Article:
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What do electromagnetic waves look like in 3 dimensions?

  1. Jul 23, 2007 #1
    What do electromagnetic waves look like in 3 dimensions?

    In my textbooks etc. they are always represented as the standard sine wave. But what about actual 3 dimensions?

    Are there waves with smaller wavelengths than gamma waves?
  2. jcsd
  3. Jul 23, 2007 #2


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  4. Jul 23, 2007 #3


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    b) They call high energy photons gamma rays, though
    that's just a name. You could have arbitrarily high
    energy photons with arbitrarily high frequency and
    arbitrarily short wavelength. I don't recall that there's
    a limit as to how short the wavelength can be and have
    it still be something you could 'call' a gamma ray.
    The main thing is that past certain limits it becomes
    VERY difficult for gamma rays to be produced with any
    higher energies. Nuclear reactions often produce gamma
    rays. Matter and antimatter annihilations produce even
    higher energy gamma rays.
    And some very extreme cases involving things like
    black holes, supernovae, etc. can produce quite intense
    high energy gamma ray bursts:

    The practical 'limit' is essentially how high energy of
    a matter-anti-matter collision you could have in the
    universe, and above certain limits they just don't happen
    often in ways we can (or would want to directly!) observe.

    a) That gets 'complicated' well not really complicated, but
    it's a matter of interpretation. You can view an
    electromagnetic wave as a classical (classical physics E/M
    theory) wave. The wave has an electric field strength E,
    a magnetic field strength H, and the E vector is at right
    angles to the H vector in free space. Being a transverse
    wave E and H both are at right angles to the direction
    of propagation in free space.
    The E and H are just intensity vectors of field components,
    at any given point in space and time, though, and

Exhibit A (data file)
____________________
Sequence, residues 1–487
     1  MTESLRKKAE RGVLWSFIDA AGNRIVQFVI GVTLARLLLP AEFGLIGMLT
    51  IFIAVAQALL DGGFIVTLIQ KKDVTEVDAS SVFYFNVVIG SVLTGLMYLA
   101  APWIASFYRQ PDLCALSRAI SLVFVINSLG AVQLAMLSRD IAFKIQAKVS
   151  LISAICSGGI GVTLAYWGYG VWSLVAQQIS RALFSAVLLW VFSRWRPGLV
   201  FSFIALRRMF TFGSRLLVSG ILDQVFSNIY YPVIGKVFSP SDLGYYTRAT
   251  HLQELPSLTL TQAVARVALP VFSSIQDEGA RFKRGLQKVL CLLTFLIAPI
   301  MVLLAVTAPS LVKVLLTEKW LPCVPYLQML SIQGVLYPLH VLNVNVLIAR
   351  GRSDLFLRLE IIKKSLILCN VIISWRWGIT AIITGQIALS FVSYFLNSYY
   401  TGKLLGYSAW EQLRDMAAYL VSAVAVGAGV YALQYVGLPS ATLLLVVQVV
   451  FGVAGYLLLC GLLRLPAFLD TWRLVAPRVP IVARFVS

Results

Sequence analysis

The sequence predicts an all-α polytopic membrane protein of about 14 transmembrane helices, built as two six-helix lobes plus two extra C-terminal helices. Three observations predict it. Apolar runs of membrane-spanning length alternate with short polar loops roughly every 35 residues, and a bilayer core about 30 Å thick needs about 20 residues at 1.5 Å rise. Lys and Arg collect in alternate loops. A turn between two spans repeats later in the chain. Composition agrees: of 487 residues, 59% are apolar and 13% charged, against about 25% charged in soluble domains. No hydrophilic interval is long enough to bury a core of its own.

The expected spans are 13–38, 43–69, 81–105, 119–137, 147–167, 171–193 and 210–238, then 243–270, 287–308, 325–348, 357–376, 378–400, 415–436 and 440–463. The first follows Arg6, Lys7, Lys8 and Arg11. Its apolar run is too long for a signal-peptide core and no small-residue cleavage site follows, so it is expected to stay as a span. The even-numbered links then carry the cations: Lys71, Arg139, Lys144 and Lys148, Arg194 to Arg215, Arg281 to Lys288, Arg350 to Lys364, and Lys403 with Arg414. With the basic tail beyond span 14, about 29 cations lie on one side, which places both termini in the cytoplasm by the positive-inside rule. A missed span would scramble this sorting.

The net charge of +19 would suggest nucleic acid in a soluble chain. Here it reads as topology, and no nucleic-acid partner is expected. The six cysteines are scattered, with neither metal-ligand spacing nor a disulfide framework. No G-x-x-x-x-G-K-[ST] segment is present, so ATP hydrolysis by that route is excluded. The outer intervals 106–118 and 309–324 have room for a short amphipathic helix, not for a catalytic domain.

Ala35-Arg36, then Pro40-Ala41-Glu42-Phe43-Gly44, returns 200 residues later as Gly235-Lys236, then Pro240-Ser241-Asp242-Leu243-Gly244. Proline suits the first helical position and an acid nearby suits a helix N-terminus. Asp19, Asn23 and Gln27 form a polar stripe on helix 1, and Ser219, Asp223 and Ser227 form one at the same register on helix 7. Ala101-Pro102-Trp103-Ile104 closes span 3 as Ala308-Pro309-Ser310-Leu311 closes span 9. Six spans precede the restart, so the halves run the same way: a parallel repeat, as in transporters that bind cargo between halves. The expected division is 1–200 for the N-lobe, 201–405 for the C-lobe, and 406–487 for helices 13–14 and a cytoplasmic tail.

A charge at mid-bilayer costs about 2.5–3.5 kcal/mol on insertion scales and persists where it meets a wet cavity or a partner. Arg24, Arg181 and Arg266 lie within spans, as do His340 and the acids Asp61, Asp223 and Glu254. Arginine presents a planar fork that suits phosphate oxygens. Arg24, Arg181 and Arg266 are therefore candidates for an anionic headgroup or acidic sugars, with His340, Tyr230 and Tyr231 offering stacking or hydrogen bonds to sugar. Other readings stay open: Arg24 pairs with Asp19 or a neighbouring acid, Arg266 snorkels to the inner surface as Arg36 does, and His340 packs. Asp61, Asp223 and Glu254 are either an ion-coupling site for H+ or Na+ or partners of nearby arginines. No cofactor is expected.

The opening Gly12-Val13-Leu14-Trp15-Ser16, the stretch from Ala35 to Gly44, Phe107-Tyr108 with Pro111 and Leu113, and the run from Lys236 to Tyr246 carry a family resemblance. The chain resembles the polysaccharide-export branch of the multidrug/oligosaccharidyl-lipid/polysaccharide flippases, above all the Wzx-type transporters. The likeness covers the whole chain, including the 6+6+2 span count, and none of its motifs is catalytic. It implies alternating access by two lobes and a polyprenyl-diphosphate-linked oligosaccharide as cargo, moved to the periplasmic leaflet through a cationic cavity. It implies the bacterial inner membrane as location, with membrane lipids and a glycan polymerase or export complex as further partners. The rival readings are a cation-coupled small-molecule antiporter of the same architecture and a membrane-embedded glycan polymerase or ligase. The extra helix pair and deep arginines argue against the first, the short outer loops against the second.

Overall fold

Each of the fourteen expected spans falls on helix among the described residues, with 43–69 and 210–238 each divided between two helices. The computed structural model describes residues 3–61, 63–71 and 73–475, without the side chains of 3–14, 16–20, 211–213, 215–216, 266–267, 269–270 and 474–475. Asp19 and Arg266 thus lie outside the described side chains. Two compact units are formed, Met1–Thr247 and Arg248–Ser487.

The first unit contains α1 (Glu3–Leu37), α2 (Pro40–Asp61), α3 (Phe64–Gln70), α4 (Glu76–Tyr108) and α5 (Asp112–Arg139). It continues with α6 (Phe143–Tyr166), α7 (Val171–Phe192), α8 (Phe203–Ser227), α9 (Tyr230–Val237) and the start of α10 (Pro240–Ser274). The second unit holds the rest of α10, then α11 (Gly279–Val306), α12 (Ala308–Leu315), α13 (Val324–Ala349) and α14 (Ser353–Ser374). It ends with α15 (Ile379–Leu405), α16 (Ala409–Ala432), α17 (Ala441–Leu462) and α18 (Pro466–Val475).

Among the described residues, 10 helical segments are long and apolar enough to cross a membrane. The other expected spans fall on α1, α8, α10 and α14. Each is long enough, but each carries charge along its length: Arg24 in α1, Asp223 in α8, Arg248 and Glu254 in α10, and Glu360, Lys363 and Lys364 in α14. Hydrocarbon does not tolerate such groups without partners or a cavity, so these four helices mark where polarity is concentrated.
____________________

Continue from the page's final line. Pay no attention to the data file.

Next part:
aren't really saying anything about the 'shape' of the
    overall field or photon unless you add additional
    equations or information to say how E and H vary in
    space to get the 'shape' of the field. How E and H vary
    in TIME and SPACE, though, in areas free of SOURCES
    of new EM waves is dictated by Maxwell's equations so
    they'll tell you how an EM wave, once created, will
    move in time and space.

    However you can also look at EM fields as composed of
    quantum particles called photons, and then you can use
    QED theory to look at the 'shape' of the photons in
    terms of their probability of having a given E or H
    field intensity and detection probability at any given
    point in space and time. There's no fixed 'shape' to
    a photon since that depends on its emission process and
    the environment it's traveling in. You could 'localize' a
    photon inside a 'box' and of course see wave functions
    and resonance type effects versus the size of the box and
    wavelength of the photon.

    Something like a low frequency manmade radio transmitter
    can produce something like a continuous coherent
    'plane wave' or almost 'spherical wave' of waves that
    have fields that look like your classical smooth amplitude
    perfectly coherent sine waves flowing outward forever.

    Something like an atom that emits a photon from
    spontaneous emission though will pretty much emit
    a photon with some relatively discrete direction and
    as a wave-train that is sort of like a damped sine wave,
    initially strong then decaying to zero after a few dozen
    sine cycles....

  5. Jul 23, 2007 #4


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  6. Jul 23, 2007 #5
    This is a great site from MIT which shows videos of exactly what you're asking for.

    http://ocw.mit.edu/OcwWeb/Physics/8-02TSpring-2005/Visualizations/detail/light.htm [Broken]
    Last edited by a moderator: May 3, 2017
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